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Why Are Christian Women More Religious Than Christian Men?

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The Story: Christian women in the United States are significantly more religious than Christian men, and this religion gender gap is greater than in a number of other developed nations, including Canada, the UK, Germany, and France.

The Background: As a study conducted by the Pew Research Center finds, based on a broad range of factors, Christian women in the United States express a higher level of religiosity and religious commitment than Christian men.

For example, more than seven-in-ten Christian women (72 percent) say religion is “very important” in their lives, compared with 62 percent of Christian men. Roughly eight-in-ten Christian women also say they are absolutely certain God exists and that the Bible is the Word of God, compared with about seven-in-ten men who say the same.

There is also a significant gender gap in private devotional habits. Almost three-quarters (74 percent) of Christian women say they pray at least daily, compared with six-in-ten men (60 percent). Almost all Christian women say they pray at least monthly (94 percent) compared to only 86 percent of men. And while half of Christian women say they go to church at least once a week, only 44 percent of men say the same.

Women are also more likely than men to read Scripture at least once a week (49 percent vs. 40 percent) and believe the Bible is the Word of God (78 percent vs. 72 percent).

What It Means: Why is there such a significant religious gap between the genders? Pew Research cites several explanations proposed by social scientists, such as changes in women’s labor force participation or educational attainment, the “time lag” in the way modern secularization has affected men and women, or that women are biologically more inclined to faith.

While there are likely to be numerous factors that influence this gap, I suspect the most important is the difference in Bible reading habits. Let’s take a closer look at the numbers for Bible reading and prayer.

 

Looking at these charts, we might conclude that the more a person prays the more likely they are to read the Bible. While this is a possibility, I think the causal relationship goes the other way. Think about the devotional habits of the professing Christians you know. How many pray but don’t read the Bible? How many read the Bible and yet do not pray?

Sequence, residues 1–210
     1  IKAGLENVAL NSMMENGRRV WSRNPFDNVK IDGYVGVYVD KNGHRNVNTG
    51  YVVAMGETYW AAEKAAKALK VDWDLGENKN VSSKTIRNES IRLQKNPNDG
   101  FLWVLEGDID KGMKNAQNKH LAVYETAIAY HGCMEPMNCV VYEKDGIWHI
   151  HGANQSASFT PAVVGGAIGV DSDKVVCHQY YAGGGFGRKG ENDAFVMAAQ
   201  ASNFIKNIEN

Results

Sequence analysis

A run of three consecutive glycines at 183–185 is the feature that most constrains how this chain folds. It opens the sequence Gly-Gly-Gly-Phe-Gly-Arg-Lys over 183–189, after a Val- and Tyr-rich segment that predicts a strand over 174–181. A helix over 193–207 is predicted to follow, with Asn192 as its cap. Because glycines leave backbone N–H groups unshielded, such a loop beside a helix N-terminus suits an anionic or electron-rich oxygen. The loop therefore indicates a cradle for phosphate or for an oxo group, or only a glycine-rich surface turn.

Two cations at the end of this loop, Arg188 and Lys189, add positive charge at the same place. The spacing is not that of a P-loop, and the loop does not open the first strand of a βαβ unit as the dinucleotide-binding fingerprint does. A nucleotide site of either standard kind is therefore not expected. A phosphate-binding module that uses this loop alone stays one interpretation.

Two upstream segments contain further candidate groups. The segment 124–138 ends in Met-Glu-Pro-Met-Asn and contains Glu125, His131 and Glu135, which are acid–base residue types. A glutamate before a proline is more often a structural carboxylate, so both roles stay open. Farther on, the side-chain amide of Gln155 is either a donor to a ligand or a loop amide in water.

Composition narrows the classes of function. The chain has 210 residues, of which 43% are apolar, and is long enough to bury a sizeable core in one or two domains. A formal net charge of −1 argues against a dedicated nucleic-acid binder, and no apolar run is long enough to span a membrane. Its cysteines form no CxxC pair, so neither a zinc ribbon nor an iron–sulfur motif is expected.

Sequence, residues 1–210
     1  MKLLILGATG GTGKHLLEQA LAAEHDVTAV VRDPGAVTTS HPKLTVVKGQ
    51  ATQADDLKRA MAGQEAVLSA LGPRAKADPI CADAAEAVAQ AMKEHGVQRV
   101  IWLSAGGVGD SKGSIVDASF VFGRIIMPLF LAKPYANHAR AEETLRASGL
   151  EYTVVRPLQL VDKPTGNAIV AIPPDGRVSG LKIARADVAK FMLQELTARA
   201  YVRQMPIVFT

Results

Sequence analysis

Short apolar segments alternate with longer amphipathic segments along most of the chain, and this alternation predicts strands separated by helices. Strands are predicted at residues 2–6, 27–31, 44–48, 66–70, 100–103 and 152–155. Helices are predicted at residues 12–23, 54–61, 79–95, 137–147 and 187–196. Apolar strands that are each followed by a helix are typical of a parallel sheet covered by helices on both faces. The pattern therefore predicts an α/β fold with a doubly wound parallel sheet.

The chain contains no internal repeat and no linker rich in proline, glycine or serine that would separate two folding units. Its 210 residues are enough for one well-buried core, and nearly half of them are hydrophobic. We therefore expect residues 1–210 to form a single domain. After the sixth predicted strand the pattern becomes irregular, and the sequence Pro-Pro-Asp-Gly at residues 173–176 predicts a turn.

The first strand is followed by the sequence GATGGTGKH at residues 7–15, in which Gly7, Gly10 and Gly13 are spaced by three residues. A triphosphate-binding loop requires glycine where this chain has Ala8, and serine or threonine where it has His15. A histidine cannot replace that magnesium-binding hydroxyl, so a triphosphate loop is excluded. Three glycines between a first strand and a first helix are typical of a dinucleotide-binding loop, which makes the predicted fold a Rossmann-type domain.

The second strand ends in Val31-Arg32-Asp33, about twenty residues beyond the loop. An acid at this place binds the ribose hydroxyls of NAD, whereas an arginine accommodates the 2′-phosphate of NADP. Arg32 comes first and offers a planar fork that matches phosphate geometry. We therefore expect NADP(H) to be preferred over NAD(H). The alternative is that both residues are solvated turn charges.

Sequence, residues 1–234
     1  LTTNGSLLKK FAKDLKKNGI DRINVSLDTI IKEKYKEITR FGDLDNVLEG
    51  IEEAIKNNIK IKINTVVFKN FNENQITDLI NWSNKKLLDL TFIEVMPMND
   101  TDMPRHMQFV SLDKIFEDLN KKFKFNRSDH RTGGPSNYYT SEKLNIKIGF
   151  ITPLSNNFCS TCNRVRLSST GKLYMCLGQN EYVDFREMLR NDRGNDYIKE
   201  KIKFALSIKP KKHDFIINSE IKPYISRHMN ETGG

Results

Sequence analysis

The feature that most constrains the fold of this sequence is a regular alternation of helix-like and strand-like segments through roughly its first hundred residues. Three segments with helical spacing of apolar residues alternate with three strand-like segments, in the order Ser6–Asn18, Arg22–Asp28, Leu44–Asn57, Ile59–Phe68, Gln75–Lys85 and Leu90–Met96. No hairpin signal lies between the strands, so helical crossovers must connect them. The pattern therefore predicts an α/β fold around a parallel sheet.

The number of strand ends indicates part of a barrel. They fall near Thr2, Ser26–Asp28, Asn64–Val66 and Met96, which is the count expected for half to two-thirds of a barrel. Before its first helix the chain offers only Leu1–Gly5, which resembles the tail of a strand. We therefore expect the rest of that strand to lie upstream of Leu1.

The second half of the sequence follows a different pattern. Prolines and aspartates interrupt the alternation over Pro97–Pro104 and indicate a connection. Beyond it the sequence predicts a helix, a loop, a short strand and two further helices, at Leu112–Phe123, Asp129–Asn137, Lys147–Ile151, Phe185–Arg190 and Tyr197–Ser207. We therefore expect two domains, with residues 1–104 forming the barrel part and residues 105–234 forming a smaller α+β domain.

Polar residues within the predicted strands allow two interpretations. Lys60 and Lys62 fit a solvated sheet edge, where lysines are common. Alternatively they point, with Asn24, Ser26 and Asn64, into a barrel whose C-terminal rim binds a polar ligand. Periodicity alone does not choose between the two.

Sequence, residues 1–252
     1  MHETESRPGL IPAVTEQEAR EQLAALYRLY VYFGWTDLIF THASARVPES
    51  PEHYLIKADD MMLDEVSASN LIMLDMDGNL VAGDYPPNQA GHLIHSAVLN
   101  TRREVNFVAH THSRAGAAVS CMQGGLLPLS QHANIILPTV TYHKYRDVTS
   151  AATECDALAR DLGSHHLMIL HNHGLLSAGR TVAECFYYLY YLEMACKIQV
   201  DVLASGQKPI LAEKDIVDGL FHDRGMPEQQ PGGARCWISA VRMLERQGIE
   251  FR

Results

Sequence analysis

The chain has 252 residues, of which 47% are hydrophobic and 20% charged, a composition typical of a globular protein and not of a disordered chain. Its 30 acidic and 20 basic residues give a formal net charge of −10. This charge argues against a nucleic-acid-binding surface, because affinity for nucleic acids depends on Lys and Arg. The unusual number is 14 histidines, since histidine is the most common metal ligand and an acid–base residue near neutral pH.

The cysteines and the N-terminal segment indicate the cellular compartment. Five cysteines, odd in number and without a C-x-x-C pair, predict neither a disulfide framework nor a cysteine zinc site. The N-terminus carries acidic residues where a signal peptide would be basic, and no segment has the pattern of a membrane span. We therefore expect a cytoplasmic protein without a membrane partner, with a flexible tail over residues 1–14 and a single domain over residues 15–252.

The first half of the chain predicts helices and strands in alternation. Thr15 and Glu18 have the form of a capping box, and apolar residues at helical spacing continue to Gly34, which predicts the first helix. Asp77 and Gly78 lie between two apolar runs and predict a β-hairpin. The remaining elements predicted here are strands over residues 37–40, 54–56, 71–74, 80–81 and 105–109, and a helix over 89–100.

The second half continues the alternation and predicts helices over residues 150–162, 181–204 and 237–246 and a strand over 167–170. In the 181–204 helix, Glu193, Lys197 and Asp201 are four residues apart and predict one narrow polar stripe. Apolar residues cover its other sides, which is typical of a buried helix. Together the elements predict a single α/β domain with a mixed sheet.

In my experience—and I suspect yours is the same—I know a number of believers who pray and yet rarely if ever read Scripture, yet I do not know of any frequent Bible readers who do not also pray.

As Donald Whitney says, the most important spiritual discipline is “the intake of God’s Word. No factor is more influential in making us more like the Son of God than the Spirit of God working through the Word of God.” Whitney also adds that “of all the Spiritual Disciplines, Prayer is second only to the intake of God’s Word in importance.” Prayer is second in importance because it relies on our knowledge of God, which comes from reading his Word. Without engagement with Scripture, our prayers are lacking. It’s like having a phone conversation in which the other person can hear us but we can’t hear them.

Bible reading is of such importance that if women are reading Scripture more often than men, we should expect to see exactly the sort of gaps we find in other areas of their religious lives. So if we assume this causal relationship is true, what should we do about it?

While I don’t want to underestimate the complexity of addressing the problem, I think the core solution is to encourage Christian men to read their Bibles.

For decades (if not centuries) we’ve heard the problem is the feminization of the church—that the church’s music, messages, and ministries cater to women rather than men. But what if the problem—and solution—is more basic? What if women are more inclined to pray, attend church, and say their faith is very important to them simply because they’ve first taken the time to encounter God in his Word?

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